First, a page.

>It's on the same net as the zotta-rich but in a separate layer?
My impression was that the walkaway net is like the .onion address of Tor. You can't access .onion sites from a regular browser because the browser doesn't understand a protocol which translates that address into a host to contact. Thus you need the Tor Browser to access the onion sites. I assumed that the walkaway net was like that - using a separate naming system to the normal internet but something that anyone could access using the right software. However, I didn't pay attention to all the details so maybe there's a different explanation in the book.

>After having every Murakami novel thrown in my face since birth (I've read a lot of them)

I've never read any Murakami. What's a good one to start with?


>like the .onion address of Tor.
That would make the most sense for a punknet, but doesn't sound like a different layer, just a completely separate web. Sounds interesting either way though!

>What's a good one to start with?

I think Sputnik Sweetheart is a good introduction to Murakami's basics, it's also a pretty entertaining read. I should note that nobody reads Murakami for the story, or very few people do. Murakami is way more style over substance, but the style is fun enough that it makes for an enjoyable read.


A while ago I started reading The Cryptonomicon. It's interesting enough to tempt me to read more instead of doing (probably) more responsible things. It's also clear the author has a good understanding of computer and cryptological concepts and makes them present in the novel. It's also a source of some great quotes:

"So, you're the UNIX guru." At the time, Randy was still stupid enough to be flattered by this attention, when he should have recognized them as bone-chilling words. Three years later, he left the Astronomy Department without a degree, and with nothing to show for his labors except six hundred dollars in his bank account and a staggeringly comprehensive knowledge of UNIX.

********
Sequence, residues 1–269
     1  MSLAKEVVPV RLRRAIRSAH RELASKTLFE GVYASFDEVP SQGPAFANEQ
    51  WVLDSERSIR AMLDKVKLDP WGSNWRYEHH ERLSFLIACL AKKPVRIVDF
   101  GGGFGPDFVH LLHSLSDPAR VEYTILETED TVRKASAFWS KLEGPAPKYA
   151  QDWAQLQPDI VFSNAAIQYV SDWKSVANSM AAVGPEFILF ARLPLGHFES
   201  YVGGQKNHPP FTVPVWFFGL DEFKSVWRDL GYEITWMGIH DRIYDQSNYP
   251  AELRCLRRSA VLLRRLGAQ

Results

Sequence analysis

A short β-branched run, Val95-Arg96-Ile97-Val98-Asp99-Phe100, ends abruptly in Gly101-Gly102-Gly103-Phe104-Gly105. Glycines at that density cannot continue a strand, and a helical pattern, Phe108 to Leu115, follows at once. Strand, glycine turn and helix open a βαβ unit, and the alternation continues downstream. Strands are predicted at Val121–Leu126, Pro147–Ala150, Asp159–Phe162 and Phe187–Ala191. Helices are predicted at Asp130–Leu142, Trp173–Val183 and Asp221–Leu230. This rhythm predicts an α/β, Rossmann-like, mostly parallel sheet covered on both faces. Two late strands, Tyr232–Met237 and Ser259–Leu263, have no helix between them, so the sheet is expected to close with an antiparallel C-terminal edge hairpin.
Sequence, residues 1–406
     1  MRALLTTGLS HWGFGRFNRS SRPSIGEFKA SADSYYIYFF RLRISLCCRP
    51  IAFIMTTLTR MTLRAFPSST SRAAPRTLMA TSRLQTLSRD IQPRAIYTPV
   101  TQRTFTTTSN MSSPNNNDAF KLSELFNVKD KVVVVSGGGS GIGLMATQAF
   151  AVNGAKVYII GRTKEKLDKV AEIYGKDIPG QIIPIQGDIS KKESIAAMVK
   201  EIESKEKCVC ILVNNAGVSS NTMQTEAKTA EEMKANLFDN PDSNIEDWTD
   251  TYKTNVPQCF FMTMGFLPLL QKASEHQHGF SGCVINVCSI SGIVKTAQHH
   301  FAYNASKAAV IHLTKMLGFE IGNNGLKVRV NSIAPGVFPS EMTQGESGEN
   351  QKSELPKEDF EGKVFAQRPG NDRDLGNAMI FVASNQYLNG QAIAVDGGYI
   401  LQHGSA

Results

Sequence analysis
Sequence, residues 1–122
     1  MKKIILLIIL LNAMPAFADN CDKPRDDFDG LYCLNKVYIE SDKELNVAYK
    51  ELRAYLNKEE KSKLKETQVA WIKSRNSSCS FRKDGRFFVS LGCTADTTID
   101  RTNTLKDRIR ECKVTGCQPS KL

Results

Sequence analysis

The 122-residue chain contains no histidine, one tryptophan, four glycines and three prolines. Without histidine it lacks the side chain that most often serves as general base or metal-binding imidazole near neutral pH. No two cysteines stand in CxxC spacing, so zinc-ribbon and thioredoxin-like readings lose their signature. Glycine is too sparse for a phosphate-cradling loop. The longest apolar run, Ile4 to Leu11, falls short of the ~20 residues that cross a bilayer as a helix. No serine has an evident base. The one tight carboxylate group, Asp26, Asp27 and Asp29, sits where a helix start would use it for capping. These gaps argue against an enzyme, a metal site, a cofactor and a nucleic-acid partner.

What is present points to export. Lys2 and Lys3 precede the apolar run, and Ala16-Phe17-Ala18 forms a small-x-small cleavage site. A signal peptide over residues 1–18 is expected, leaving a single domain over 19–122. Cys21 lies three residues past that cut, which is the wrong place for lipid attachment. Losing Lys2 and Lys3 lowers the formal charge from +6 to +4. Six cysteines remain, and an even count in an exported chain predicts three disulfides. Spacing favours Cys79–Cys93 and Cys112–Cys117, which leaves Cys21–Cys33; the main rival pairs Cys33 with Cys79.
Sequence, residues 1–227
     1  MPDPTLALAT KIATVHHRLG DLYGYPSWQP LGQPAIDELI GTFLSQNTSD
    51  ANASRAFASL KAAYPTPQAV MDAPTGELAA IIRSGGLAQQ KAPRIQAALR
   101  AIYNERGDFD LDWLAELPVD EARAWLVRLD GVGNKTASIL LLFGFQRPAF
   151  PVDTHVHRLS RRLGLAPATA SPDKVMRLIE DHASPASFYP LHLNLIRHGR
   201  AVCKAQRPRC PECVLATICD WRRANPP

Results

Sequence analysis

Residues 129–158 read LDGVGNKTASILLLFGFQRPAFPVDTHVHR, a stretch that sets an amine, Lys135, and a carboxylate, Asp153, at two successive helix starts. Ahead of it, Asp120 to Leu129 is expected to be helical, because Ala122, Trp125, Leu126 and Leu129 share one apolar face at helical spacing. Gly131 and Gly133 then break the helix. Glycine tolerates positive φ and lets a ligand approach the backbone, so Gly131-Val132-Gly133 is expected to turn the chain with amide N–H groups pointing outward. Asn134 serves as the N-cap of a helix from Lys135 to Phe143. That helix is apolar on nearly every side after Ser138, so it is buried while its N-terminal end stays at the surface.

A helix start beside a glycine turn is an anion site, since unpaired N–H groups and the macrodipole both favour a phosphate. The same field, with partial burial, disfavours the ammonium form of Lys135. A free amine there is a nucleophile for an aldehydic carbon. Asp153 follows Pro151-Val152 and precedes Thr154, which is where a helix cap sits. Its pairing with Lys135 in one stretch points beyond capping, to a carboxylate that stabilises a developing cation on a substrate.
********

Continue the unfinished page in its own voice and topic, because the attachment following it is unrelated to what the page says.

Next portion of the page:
Randy was forever telling people, without rancor, that they were full of shit. That was the only way to get anything done in hacking. No one took it personally. Charlene's crowd most definitely did take it personally. It wasn't being told that they were wrong that offended them, though–it was the underlying assumption that a person could be right or wrong about anything.

Arguing with anonymous strangers on the Internet is a sucker's game because they almost always turn out to be–or be indistinguishable from–self-righteous sixteen-year-olds possessing infinite amounts of free time.

Although it might not be very /cy/, I also really liked this AI fan-fiction: https://www.fimfiction.net/story/62074/1/friendship-is-optimal/prologue-equestria-online

[Return][Go to top] [Catalog] [Post a Reply]
Delete Post [ ]
[ a / b / cf / cy / g / lain / un / pollitx ] [ wired / meta ] [ home / information / affiliates ] [ mebious ]